Sunday, February 6, 2011

Need a job???

Good luck! American's are still looking for work and it's reflected in the ongoing (and increasing in Colorado) unemployment numbers. Of course these numbers are lowballed, official statistics that reveal little of thetrue hardships Americans are truly facing. In Colorado the official unemployement rate hit a high of 8.8 percent, the silver lining , according to Greg Griffin of the Denver Post being that the State is likely to qualify for extended emergency benefits. I'm glad for people such as my friend Shelly whose husband has been out of work since Autumn of 2009 but that does not do a great deal for those who are newly unemployed and nothing at all for those who have been recently laid off... such as Maurice who, after 10 years of faithful service at Denver Public Schools, was told en masse along with many of his other colleagues that his position was being cut due to budget constraints.

But do not be dismayed they were told!!! There would be five (yes, 5, five!) positions that they could all apply for in March and for the remaining 45 or so that were not rehired there would positions (hopefully) in the schools they could scramble around for. Part of  the degradation of this, is that there is no guarantee that they would retain their current salary for any of them and as the job was simply cut out from under them they will not qualify (as I understand it) for unemployment insurance at all. It is a cunning ploy on the district's part and one which they use consistently. Just under two years ago, my position came under budget scrutiny and while I was not laid off, I was told I would have to take a $4 per hour pay cut along with one less hour per day of working time with the caveat that I would eventually get my pay reinstated when the budget improved. (I don't know that it has and they still have an underpaid worker in the building if they have a librarian at all) At any rate, I quit as soon as I got my job with DPL which also faces budgetary problems with the city. But this was not the first nor the last time a school would deal with employees in this manner. Teachers often face the school years uncertain about their positions in spite of contracts. If school enrollments are down in the fall even by 2 or 3 students come October, new hires are cut loose and kids are shuffled into crowded into fewer classrooms . And the unfortunate teacher is left to their own devices...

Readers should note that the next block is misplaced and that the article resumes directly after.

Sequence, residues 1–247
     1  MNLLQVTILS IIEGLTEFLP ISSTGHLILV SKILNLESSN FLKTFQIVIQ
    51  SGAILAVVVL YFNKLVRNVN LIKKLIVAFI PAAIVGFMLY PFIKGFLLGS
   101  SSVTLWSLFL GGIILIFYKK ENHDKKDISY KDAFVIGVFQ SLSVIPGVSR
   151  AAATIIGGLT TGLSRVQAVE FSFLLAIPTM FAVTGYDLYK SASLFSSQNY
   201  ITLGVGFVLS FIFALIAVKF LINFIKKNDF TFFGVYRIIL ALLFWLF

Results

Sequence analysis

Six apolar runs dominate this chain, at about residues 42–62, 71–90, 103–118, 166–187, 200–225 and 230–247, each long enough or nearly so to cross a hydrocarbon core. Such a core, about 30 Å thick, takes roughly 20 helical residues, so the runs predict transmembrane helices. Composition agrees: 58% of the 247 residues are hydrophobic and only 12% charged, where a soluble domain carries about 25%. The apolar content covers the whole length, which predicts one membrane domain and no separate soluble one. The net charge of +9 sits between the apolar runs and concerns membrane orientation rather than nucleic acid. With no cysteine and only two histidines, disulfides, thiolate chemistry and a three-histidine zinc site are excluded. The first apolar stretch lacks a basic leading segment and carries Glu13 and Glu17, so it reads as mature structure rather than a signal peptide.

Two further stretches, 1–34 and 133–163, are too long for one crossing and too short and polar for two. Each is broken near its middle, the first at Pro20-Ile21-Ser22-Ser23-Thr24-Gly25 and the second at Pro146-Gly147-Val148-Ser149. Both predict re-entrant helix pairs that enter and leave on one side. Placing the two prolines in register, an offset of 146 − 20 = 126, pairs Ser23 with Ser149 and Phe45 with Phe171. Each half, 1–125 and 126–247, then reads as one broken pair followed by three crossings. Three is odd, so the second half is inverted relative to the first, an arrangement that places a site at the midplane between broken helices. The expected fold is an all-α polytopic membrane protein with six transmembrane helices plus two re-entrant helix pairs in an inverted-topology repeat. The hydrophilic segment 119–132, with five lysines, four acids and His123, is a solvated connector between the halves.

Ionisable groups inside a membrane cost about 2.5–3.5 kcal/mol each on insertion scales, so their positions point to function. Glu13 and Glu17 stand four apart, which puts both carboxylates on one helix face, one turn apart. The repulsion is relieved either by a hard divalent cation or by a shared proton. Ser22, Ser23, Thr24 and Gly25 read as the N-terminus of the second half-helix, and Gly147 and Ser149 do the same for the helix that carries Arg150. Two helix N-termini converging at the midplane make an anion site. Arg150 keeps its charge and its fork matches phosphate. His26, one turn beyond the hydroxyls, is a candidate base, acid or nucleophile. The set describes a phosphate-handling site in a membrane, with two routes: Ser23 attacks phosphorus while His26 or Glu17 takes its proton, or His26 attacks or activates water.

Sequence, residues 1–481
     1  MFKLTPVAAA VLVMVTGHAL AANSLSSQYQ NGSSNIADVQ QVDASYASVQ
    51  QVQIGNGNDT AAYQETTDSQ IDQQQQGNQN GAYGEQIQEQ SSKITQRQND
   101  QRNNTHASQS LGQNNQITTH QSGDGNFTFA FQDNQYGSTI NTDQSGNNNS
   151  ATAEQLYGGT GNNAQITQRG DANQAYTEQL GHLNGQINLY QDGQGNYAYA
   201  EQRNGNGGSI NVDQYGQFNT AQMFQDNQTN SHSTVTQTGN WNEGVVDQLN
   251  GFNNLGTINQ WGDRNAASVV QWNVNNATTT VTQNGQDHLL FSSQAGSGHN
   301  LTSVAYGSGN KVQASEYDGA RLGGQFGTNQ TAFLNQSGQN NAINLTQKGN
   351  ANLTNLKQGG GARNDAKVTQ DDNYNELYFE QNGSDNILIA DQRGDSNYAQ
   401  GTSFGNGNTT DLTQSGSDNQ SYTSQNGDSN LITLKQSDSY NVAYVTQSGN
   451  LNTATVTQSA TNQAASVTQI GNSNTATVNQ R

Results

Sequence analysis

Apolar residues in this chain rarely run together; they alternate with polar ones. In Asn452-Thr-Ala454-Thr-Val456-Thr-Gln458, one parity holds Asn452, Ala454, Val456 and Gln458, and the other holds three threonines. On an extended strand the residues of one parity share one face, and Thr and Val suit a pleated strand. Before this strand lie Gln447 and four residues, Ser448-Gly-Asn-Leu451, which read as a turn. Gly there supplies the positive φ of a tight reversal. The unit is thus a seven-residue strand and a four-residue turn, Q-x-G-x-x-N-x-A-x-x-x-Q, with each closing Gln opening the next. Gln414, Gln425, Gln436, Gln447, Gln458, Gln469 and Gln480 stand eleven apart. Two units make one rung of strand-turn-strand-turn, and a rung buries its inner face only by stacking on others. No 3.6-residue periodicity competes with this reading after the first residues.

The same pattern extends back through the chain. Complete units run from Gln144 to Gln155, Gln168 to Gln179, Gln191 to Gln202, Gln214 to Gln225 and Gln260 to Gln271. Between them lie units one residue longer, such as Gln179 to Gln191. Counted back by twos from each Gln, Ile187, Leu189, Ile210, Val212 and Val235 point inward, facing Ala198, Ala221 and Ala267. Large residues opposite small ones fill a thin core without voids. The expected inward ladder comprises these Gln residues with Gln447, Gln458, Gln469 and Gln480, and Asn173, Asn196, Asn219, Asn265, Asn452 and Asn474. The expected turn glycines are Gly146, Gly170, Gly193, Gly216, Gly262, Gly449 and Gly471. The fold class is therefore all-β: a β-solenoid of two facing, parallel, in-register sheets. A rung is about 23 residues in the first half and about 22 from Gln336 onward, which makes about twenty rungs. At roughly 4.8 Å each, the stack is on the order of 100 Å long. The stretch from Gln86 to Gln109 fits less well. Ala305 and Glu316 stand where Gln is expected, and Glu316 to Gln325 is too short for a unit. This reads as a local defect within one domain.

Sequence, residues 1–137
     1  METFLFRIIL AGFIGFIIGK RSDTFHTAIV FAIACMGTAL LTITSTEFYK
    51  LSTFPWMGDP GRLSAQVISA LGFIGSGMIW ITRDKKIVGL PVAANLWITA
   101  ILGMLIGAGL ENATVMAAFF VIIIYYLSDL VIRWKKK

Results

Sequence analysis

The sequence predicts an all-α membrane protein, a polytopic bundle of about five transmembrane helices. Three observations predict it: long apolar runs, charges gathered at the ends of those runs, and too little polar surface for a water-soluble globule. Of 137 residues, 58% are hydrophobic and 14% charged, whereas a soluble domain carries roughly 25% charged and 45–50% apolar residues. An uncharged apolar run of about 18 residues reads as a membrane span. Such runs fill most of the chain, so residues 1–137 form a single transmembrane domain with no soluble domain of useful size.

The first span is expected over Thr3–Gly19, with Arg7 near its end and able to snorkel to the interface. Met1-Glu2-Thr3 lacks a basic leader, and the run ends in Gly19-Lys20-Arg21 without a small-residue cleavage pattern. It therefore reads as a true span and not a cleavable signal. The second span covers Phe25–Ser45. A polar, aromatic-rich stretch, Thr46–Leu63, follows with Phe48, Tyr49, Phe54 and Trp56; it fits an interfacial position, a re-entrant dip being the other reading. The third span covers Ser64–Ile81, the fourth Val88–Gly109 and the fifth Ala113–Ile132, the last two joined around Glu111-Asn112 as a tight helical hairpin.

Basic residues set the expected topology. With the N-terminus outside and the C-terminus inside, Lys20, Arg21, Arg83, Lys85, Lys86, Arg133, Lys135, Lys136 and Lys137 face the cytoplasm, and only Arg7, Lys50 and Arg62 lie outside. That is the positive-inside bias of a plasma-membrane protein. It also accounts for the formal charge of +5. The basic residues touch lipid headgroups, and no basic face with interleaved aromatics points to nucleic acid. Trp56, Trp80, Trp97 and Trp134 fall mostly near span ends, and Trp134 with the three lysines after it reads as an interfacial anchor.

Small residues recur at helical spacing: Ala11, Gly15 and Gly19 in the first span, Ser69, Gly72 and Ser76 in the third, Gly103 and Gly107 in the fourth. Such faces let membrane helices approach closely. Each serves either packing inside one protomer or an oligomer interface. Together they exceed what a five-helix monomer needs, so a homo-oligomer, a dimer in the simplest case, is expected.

Here's one idea, I guess!

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